If you’ve ever had the pleasure of visiting Portugal, especially Lisbon, images of the country’s exquisite hand-painted tiles may float into your mind at the mere mention of it. I for one absolutely love the artwork and history behind Portugal’s tiles and each time I’ve gone back to visit (half a dozen times now!), I find a new pattern that I fall head-over-heels in love with. And coincidentally, I also come back with a better camera which really helps me crisply capture all the gorgeous tile patterns that I sadly cannot take back home with me. This is where the idea of doing a virtual tour comes in!
I would definitely recommend making a visit whenever you can to the Museu do Azulejo (Lisbon’s Tile Museum) so you can take the intricacy and painstaking details of the tiles in with your own two eyes.
Photos don’t do them justice but that’s all I have to look back on at the moment. Last year, when I re-visited the museum with my then-fiancé, a woman on the bus we were on -and she was headed to the tile museum as well-asked me which was the closest stop to the museum. I didn’t have a map or anything on me but I was speaking English to my aforementioned travel companion so I must’ve seemed like a reliable source to her. I told her the name of the bus stop and added that the tile museum was one of the best museums in Lisbon (and that I was going there again). Needless to say I was excited. I can’t help share about something I love and if that passion helps other people get excited then the more the merrier!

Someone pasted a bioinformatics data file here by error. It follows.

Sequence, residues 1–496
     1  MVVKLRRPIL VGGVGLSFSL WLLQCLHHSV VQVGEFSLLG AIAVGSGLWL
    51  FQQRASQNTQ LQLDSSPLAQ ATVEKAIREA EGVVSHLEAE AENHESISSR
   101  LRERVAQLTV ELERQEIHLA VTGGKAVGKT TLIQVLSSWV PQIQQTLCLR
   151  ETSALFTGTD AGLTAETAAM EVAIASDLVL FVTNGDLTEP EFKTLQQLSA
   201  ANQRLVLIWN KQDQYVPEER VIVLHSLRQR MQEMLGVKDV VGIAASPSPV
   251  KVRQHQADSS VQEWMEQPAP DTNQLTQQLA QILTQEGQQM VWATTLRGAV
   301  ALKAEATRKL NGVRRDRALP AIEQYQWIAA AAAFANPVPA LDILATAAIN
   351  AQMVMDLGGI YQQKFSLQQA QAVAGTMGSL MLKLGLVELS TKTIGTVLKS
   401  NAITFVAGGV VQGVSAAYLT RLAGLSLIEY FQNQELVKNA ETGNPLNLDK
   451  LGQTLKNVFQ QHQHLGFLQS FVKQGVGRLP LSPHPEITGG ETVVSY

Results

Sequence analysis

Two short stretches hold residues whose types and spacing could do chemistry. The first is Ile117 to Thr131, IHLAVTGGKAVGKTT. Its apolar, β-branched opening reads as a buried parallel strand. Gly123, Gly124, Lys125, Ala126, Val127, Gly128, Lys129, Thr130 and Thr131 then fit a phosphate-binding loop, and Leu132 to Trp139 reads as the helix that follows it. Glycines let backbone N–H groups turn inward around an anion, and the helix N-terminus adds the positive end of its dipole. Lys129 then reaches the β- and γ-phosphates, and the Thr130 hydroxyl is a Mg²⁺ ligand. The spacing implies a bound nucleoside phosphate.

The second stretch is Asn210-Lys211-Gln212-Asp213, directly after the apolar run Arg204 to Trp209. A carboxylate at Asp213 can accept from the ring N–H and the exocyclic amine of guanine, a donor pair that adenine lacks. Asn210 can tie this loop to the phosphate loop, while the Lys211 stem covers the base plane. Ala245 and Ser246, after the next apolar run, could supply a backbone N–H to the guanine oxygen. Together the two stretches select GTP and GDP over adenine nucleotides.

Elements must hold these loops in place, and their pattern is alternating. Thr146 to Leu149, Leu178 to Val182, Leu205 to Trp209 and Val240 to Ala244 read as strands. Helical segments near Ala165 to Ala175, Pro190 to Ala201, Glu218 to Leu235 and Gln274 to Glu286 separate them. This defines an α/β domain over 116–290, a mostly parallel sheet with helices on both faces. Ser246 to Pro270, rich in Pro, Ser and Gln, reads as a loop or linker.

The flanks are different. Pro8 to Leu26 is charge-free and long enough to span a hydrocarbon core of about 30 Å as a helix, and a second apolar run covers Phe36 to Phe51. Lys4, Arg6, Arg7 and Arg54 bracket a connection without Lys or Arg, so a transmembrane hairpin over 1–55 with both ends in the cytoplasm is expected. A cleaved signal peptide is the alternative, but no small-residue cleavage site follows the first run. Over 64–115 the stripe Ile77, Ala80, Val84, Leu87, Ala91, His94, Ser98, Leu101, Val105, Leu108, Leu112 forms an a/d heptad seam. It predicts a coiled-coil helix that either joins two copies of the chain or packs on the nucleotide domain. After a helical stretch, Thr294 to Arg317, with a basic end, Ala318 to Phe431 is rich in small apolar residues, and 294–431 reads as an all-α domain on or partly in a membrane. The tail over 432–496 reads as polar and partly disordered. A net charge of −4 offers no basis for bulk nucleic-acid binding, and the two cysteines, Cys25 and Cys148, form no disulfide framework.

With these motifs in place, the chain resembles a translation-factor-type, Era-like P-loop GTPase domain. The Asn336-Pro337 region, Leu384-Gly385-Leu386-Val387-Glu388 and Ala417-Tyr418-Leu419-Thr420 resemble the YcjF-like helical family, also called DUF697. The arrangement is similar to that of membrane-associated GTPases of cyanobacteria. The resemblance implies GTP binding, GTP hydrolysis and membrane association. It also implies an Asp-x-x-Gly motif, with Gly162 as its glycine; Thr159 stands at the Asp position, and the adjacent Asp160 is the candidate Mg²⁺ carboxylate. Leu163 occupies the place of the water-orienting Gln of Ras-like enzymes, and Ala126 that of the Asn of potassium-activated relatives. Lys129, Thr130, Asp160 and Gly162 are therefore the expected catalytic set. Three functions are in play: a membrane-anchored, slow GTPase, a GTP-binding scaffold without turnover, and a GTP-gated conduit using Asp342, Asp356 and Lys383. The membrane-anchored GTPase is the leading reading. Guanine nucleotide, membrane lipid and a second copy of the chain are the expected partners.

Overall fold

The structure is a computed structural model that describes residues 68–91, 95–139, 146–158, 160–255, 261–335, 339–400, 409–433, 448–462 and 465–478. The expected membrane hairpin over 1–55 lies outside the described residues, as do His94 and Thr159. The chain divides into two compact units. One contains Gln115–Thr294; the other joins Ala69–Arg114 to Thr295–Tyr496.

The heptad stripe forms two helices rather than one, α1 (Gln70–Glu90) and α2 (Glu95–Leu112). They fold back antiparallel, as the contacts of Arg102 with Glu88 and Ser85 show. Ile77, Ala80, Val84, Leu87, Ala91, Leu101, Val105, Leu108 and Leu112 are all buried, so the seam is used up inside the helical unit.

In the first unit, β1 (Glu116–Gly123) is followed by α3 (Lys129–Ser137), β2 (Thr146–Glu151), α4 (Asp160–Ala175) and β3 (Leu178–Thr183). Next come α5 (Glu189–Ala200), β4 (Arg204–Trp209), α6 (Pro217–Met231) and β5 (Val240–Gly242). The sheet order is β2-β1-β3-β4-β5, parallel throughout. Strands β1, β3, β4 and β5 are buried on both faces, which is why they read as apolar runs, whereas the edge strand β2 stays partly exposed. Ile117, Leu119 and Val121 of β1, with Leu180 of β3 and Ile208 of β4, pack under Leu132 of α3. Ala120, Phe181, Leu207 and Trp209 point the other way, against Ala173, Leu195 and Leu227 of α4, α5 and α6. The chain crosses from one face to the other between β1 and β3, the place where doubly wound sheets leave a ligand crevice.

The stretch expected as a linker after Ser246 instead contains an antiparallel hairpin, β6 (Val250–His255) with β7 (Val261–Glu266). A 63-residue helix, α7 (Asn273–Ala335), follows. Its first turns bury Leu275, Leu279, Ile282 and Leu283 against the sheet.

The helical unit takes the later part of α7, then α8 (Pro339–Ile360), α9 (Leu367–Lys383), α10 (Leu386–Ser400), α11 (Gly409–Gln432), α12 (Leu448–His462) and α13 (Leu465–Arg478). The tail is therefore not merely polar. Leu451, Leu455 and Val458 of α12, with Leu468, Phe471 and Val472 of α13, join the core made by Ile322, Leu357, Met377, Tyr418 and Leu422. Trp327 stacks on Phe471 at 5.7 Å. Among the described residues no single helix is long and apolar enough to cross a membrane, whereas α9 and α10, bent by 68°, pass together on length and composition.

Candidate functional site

The word azulejo (ah-zoo-lay-zoo) originates from the Arabic word alzulaich, which means “small polished stone.” The very earliest tiles can be found on the sidewalks all around Portugal and they consist of black and white patterns of geometric shapes. This technique was adopted from the Moors when they occupied the Iberian Peninsula in the 8th century, whom the Portuguese battled and traded with for several hundred years.
It wasn’t until the 16th century that this specific tile and design spread across Portugal and moved off of the streets and onto the façades of Portuguese buildings and houses. You can see numerous buildings today with the main façade full of tiles all around cities like Lisbon and Porto. Some countries use decorative tiles as a way to compliment a building or stairway’s design but in Portugal, it became a construction material. A vital material as well as a decoration – what a combination!